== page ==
It was a long time ago
My dream of our weary city
Subdued and time-lost
Any place is dreary
And your soul
Will be lost
The stars went out and so did the moon
Made long ago
I carried my sorrow songs
Song is a strong thing
Something strong to put my hands on
I am the American heartbreak
Singing sorrow songs on the banks of a mighty river
* * * * *
This is a cento poem using lines from various Langston Hughes poems that I found in his Selected Poems collection. It was written in response to the directed cento poem prompt at We Write Poems.
Funny…I reached the last pair of lines and thought: sounds like Langston Hughes and with good reason! I like very much the poem you created using his lines. Emotionally powerful.
great choice for a poet. loved the poem.
Full of emotion and so well put together, Richard.
Richard, you chose strong lines and put them together to make a strong poem!
(a bad time for people on rivers)
I like to read Langston Huges as well. There is sadness in your poem, deep and welling. That doesn’t surprise me as Hughes was a man of deep caring as are you. The lines you put together mark a very real truth, and thus carry power and an awareness that many miss. Thank you Richard,
Margo, thank you. I hope Mr. Hughes would be pleased with this tribute.
Pamela, thank you. I struggled with the construction of this one.
Mary, thanks. He’s such a wonderful poet. I like the strength and apparent simplicity of his lines.
Briarcat, yes, cities and rivers close together. It can be great, but it can also be bad.
Elizabeth, thank you as always for the kind and thoughtful comments. I’m glad that you saw the sadness as coming from a place of caring. Thanks.
This sent shivers down my spine. So sad. Such well-chosen lines.
I haven’t heard of that poet. You make me want to read him.
Most everyone has chosen such wonderful writers. I feel a bit foolish for my choice. Nevertheless, I enjoyed your stitching. The bookends of a weary city and American heartbreak worked very well to thread the whole thing together. Nicely done.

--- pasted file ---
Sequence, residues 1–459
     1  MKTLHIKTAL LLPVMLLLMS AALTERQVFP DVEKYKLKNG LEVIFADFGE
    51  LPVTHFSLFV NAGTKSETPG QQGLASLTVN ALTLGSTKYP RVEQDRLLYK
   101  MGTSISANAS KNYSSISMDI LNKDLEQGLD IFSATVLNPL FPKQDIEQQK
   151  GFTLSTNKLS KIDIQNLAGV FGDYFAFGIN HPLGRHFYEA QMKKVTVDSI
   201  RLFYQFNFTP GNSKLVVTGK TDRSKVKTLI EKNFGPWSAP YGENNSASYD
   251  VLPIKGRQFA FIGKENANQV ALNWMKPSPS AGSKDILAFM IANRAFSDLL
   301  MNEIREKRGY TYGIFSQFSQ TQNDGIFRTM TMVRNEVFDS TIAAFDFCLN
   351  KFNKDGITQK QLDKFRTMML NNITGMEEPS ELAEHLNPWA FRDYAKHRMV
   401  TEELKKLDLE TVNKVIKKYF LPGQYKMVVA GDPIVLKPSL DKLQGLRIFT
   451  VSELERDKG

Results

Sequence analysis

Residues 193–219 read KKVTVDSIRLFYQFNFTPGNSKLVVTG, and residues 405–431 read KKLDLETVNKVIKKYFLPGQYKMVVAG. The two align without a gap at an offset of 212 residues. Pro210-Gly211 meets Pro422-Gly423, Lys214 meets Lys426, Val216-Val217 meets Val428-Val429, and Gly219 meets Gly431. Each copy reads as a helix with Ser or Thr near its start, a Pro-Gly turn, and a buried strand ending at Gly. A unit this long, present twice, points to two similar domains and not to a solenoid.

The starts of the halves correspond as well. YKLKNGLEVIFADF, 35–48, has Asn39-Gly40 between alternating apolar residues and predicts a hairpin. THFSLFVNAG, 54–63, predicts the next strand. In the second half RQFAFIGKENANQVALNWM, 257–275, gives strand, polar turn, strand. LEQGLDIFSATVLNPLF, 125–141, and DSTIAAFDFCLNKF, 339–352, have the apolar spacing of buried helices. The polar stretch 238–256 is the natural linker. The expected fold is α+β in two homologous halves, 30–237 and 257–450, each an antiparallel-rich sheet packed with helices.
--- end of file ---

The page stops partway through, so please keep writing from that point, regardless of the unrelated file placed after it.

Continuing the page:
I have read most of Langston Hughes compendium of work and I like your choice for the Cento. He is an American treasure. I particularly liked your use of the line from “Aunt Sue’s Stories” for your close.
Richard, sorry, I thought I had already left a comment here. Langston Hughes is one of my faves, the Harlem Renaissance is part of my upbringing, thanks to my jazz-singing mom and all her friends. This was a beautiful, reverent handling of Mr. Hughes’ work. Very rewarding, and I suggest to all that they read it aloud. Amy
A take on the work of the poet:
Viv, thank you. His “sorrow songs” really spoke to me.
Tilly, Langston Hughes is often referred to as the Poet Laureate of the Harlem Renaissance. He is a great American poet, and I do encourage you to find some of his work. Thanks for stopping by.
Yousei, thank you for your thoughtful comments. I wasn’t sure how well the weary city and the American heartbreak would connect.
Donald, thank you. I agree completely; he is an American treasure. Thanks for your kind words.
Amy, you might have left a comment on the mirror site (I can’t tell now because Blogger is currently down and has been for hours). Langston Hughes is one of my favorites and has been for a long time. I share a lot of his poems with my students. I had to read this aloud in order to construct it. Finding the right order for the lines and the stanzas I constructed was hard; reading it aloud was the only way I could tell if it worked or not. As always, thank you for your kind and thoughtful comments.
Langston Hughes was one of the first reasons I began to write and dig poetry. Him, and Maya Angelou, too.
And you’ve done his lines justice, weaving out of them a certain sorrow of your own. Which is natural, considering it’s Langston Hughes.
Well done, my friend.
Nicole, thank you so much for your kind and thoughtful comments. Glad you think I did his lines justice; he is an amazing poet. Like, you, he is a big reason that I’m into poetry.
Langston Hughes, what a wonderful choice for a source! Off many beaten paths. But then my education is rather shy, nothing formal this way. Good fortune that you have the background experience you do. Well used here, and a fine expression you’ve given breath.
And past the obvious “sadness”, still this poem demonstrates how even that can produce and render strength (even joy) into the face of adversity. This poem takes flight into better skies (or mighty river) as presented here. Beautifully collected and gathered. Thanks much for sharing this poem.
Neil, thank you so much for your kind and thoughtful comments. Langston Hughes has long (if not always) been one of my favorite poets, so that was an easy choice for me. I hope I did him proud. He looked honestly at the things that troubled him, so sadness surfaced, but he was also proud of who he was and celebrated that too. I appreciate what you said about sadness and strength.